Ukraine breaks through Russian lines in strategic southern region
Ukrainian forces appeared to make gains over the weekend in Kherson Oblast, the latest pushback in areas Russia claimed to annex on Friday.
Ukrainian President Volodymyr Zelensky in his nightly address on Sunday said the country’s military liberated Arkhanhelske and Myroliubivka, small settlements located near the border of the region.
“They are also making gains in the south, George, incremental to be sure, but they are making gains in their counteroffensive down in the south in the Kherson Oblast and not too far from the city of Kherson,” White House national security spokesman John Kirby told George Stephanopoulos on ABC’s “Good Morning America.”
“They’re absolutely on the move here,” Kirby continued. “And like you’ve heard President Biden saying, we’re going to continue to make sure we can give them the weapons and capabilities they need to continue that kind of progress.”
Russia annexed Kherson Oblast and three other regions of Ukraine on Friday, a major escalation in the seven-month war that was met with condemnations by U.S. and Western officials.
Beyond the towns claimed by Zelensky, the Institute for the Study of War suggested Ukrainian forces also secured positions in Zolota Balka and Kreshchenivka, which are located in Kherson Oblast close to the Dnipro River.
“With numerically superior tank units in the direction of Zolota Balka and Oleksandrivka, the enemy managed to forge deep into our defenses,” said Igor Konashenkov, Russian Defense Ministry spokesman, during his daily briefing on Monday.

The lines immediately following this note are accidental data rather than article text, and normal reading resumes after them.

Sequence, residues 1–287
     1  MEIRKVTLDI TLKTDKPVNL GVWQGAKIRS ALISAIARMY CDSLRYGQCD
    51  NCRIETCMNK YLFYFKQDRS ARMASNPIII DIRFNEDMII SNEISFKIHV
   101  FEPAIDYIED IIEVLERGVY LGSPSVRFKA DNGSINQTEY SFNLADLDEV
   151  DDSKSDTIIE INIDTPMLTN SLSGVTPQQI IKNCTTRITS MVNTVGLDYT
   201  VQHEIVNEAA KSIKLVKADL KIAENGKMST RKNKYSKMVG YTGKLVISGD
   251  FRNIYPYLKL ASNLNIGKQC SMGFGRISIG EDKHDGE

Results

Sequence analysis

Although he acknowledged the Ukrainian gains, Konashenkov indicated that Russian forces are attempting to push back in the new region that Russia lays claim to.
“Russian troops have occupied a pre-prepared defensive line and continue to inflict massive fire damage,” he said.
Ukrainian forces made significant territorial gains in recent weeks as part of a counteroffensive, although those gains primarily occurred in Ukraine’s northeast as forces struggled to break through in the south near Kherson.
The counteroffensive pushed back Russian forces to the border in some northeastern areas, causing embarrassment for Russian President Vladimir Putin, who responded by calling up 300,000 reservists and threatening the West with nuclear weapons.
But the Ukrainians are now pressing ahead in other areas, making gains in regions now claimed by Russia.
Ukrainian forces over the weekend also retook Lyman, a key transportation hub located in the country’s east.
The gains have been supported by a flow of U.S. military equipment to Ukraine. Lawmakers approved another $12 billion in assistance for the country through a stopgap spending measure passed last week.
The Pentagon last week announced it would provide Ukraine with 18 additional High Mobility Artillery Rocket Systems (HIMARS), a crucial system that has helped the country’s military strike targets as far as about 50 miles away.